Neathin
Posts: 2
Joined: Wed Dec 26, 2012 7:48 pm

Wireless AP

Wed Dec 26, 2012 8:18 pm

I set out to make my Raspberry pi a wireless AP using Arch Linux ARM. Needless to say, I've had my share of trouble, but I haven't given up. So here I am, making a new account and creating a topic, to share my WORKING configuration files and the programs I use with you, so others need not thread the road I've thread, although it was a learning experience :)

I'm using hostapd as my Access Point hosting tool because wpa_supplicant has some quirks that make it work less than great in my case.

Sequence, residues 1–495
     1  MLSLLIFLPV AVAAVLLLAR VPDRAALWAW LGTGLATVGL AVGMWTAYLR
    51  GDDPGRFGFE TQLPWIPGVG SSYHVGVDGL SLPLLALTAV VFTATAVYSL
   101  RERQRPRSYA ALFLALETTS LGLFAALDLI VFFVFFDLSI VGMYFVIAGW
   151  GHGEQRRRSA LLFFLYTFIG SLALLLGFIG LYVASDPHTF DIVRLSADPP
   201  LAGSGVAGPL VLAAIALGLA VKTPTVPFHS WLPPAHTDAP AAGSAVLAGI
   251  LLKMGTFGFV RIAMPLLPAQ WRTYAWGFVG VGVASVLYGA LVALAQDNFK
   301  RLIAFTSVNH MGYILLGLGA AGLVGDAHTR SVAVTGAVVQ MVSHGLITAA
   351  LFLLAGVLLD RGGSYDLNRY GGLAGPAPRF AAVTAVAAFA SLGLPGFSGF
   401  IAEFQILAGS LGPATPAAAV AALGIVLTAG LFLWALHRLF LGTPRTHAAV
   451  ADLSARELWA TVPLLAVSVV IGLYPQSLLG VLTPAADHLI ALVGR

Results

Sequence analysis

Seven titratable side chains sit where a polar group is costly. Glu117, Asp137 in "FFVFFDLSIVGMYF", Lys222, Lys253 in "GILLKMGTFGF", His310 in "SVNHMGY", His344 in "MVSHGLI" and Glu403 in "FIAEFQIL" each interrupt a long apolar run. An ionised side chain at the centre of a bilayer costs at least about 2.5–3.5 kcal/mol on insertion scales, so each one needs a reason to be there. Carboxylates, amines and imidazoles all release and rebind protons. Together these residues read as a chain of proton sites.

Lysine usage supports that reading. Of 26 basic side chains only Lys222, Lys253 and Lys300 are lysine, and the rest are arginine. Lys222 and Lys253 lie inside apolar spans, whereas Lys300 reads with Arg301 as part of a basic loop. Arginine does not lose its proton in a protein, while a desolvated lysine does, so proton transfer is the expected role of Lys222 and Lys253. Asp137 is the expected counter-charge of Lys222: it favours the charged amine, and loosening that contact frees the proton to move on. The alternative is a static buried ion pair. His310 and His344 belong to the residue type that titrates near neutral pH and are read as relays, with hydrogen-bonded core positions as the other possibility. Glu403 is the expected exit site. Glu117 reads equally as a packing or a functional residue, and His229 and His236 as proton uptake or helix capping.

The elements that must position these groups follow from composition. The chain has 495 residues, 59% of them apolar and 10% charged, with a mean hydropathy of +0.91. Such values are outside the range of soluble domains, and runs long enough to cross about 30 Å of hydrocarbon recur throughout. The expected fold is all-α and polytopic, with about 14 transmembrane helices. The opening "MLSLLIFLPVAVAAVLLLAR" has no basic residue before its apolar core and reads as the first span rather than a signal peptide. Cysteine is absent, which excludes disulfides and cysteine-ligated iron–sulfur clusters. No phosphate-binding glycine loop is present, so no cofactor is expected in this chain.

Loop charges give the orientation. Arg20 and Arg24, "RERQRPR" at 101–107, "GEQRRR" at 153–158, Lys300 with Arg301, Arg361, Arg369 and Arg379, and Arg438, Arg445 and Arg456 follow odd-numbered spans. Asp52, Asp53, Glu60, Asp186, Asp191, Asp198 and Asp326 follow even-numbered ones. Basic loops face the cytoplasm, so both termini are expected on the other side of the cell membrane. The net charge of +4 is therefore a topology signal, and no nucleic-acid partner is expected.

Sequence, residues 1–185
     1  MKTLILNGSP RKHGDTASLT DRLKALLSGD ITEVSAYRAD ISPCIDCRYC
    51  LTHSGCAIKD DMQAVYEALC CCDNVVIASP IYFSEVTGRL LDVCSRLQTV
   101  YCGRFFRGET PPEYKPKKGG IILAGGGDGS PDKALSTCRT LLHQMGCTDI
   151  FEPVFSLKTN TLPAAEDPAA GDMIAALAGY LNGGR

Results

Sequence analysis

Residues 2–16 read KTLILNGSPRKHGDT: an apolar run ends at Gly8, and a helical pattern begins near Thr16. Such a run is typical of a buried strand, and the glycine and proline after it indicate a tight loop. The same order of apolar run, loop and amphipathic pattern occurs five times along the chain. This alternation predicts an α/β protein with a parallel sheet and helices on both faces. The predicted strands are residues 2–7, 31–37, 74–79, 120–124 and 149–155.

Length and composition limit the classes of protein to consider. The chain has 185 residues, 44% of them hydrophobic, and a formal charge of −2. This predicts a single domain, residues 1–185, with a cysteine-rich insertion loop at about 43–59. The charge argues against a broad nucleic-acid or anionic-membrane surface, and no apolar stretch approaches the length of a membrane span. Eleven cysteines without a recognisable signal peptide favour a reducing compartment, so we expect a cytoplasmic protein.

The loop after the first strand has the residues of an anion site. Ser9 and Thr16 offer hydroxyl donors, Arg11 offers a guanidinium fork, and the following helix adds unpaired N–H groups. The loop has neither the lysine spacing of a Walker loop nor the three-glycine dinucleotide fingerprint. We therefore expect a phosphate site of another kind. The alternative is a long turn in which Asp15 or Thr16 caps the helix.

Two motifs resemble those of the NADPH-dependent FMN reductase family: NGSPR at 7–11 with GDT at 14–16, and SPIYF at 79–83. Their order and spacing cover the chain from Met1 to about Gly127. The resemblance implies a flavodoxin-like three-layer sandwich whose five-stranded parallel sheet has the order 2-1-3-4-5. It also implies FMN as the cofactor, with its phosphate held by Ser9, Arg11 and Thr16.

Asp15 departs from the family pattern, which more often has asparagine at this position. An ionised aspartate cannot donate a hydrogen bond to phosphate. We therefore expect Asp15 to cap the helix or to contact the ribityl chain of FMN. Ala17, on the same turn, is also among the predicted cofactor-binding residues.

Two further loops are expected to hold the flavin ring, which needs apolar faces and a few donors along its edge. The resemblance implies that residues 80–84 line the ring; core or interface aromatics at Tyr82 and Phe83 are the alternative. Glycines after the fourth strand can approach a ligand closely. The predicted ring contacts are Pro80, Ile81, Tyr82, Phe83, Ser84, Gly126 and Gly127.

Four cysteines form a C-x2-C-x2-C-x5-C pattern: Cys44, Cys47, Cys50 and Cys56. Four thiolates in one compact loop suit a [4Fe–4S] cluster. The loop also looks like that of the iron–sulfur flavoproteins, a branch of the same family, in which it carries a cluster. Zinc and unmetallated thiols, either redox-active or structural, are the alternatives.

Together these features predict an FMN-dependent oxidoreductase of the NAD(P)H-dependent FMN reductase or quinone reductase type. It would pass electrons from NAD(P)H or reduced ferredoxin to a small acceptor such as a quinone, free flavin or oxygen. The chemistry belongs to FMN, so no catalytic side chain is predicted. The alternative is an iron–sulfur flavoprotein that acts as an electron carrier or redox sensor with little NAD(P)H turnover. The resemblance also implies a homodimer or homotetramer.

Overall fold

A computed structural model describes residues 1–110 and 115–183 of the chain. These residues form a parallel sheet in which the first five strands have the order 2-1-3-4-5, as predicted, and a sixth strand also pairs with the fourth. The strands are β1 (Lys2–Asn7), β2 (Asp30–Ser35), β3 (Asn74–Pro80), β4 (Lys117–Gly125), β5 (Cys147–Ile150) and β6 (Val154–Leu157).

To download and install, you can use the command pacman -S hostapd

My configuration file is a simple one. Note that the file location will be above the file contents

/etc/hostapd/hostapd.conf

interface=wlan0
driver=nl80211
ssid=networkname
wpa_passphrase=password
wpa=2
rsn_pairwise=CCMP
wpa_key_mgmt=WPA-PSK
hw_mode=g
channel=11
beacon_int=100

This will give you a wpa2/psk secured network called networkname with the password password

To make sure connected people don't have to set up the ip manually, I'm using dhcpd
To download and install dhcpd use the command: pacman -S dhcp

Again, my configuration file is very bare-bone, but adequate to do what it has to do.

/etc/dhcpd.conf

default-lease-time 600;
max-lease-time 7200;
authoritative;

subnet 192.168.2.0 netmask 255.255.255.0 {
range 192.168.2.10 192.168.2.244;
}